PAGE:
I found Toronto street art, much like Detroit, to showcase a great array of talent for wildstyle graffiti. If you’re you’re not familiar with the term, stay tuned and I’ll explain in a minute. Like all of the Art on the Street series, this post doesn’t just cover street art, but also public art installations and murals of which Toronto has some fabulous pieces to show off. From “The Audience”, a sculptural ode to Blue Jays fans at the Rogers Centre, to the whimsical dog fountain in Berczy Park.
The Audience is a sculpture that hangs high on the northwest corner of the Rogers Centre, home to the Toronto Blue Jays baseball team. The Michael Snow creation depicts fans at the game and greets spectators from above as they enter the stadium.
The Gooderham Building is also known as the “Flatiron” of Toronto, although it pre-dates its New York cousin. The Romanesque Revival and French Gothic building was completed in 1892 and has appeared on many an Instagram feed. The commercial buildings which once adjoined the rear of the Gooderham were torn down a long time ago and in the 80’s the space was a carpark. It has since been revitalised as a public space named Berczy Park. The rear of the Gooderham Building is adorned by a mural by Canadian artist Derek Besant. Painted in 1998, the artwork reflects the facade of the Perkins Building opposite, and has a 3-dimensional look due to the trompe lóeil effect Besant employed.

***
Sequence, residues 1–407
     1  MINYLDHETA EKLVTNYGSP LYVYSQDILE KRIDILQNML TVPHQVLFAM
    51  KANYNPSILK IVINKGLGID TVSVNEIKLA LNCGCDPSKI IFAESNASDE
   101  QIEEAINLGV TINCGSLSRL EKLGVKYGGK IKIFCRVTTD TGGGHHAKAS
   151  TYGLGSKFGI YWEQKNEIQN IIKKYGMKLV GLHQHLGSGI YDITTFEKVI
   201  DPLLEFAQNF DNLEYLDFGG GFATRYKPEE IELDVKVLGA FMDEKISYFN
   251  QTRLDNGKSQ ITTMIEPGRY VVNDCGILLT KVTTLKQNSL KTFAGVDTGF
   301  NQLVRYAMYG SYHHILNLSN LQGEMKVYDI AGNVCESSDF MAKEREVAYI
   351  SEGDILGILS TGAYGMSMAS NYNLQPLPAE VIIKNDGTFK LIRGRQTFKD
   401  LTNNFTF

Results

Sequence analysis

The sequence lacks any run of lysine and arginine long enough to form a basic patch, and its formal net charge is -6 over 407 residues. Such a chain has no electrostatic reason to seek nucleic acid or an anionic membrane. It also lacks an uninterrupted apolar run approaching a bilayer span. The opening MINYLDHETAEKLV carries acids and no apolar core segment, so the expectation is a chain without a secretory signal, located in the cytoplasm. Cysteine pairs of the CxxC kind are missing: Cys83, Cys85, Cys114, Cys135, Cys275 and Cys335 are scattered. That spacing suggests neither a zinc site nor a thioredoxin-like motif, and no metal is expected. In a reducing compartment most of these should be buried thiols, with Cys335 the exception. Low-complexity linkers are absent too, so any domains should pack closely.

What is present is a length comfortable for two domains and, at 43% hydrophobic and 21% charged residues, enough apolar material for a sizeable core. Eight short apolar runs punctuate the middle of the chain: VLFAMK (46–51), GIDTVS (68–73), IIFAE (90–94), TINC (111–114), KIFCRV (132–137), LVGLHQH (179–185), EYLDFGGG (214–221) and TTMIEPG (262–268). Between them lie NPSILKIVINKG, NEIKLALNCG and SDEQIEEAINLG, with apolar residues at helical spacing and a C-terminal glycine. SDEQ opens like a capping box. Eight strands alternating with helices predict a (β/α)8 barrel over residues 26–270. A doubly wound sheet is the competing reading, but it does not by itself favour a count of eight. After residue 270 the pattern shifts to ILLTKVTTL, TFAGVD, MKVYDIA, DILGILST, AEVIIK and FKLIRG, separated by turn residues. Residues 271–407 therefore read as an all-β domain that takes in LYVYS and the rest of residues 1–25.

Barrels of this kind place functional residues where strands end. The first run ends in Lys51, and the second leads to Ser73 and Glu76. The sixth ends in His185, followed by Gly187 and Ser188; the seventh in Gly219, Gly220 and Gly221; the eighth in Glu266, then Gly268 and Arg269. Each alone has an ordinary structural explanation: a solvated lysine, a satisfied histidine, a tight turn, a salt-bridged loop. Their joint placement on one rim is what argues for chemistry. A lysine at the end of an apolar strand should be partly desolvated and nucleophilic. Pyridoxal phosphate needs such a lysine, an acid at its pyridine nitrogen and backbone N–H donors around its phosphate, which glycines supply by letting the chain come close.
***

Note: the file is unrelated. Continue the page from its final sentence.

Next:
This playful puppy fountain features 27 cast-iron pups shooting water longingly towards a golden bone centerpiece. Among the represented breeds are Fox Terrior, Jack Russel, Dalmation, Beagle, Giant Schnauzer, Golden Retriever, St Bernard and Pug. This fountain is too fun to miss and is located in Breczy Park, right behind the Gooderham Building so you can kill two birds.
I like to think of wildstyle as both the calligraphy and secret code of street art. It is a highly complicated form of typography that is often unreadable to those who don’t create it. Wildstyle got its name from a Bronx-based graffiti crew in the 1980’s called Wild Style. The graffiti involves the distortion of letters, adding embellishments such as arrows, along with overlapping and interweaving their forms to create a complex piece. Sometimes additional effects such as layering and shadows are used to create the illusion of three dimensions.
You will find Lovebot hiding all over Toronto. Creator Matthew Del Degan set out to “lovingly disrupt the robotic routines of humans, and remind them that there is love in their cities and kindness around every corner.”
Where to find Toronto street art
Finding art on the streets of Toronto requires no more than going for a walk and keeping your eyes peeled. However, if you’re time pressured and want some more specific direction, check these out:
- Rush Lane aka “Graffiti Lane” and adjoining McDougall Lane are the most central hot spot for graffiti.
- Kensington Market is a neighbourhood with a creative, bohemian vibe where you’ll find plenty of colourful wall adornments.
- Further west of Kensington Market is Ossington Laneway, which was the setting for a 2012 “beautification project” by 20 artists.
- Milky Way in the Parkdale area is another street of art, that gets a mention by locals.
- On the eastern side of town, find plenty of street art in Cabbagetown.
- Also in the east, seek out laneways in the Pape and Danforth areas. Look for painted traffic boxes and mailboxes.
- The aforementioned Berczy Park is the place to see the Gooderham Mural and Dog Fountain
- The Distillery District is filled with sculptures including the Love Locks featured above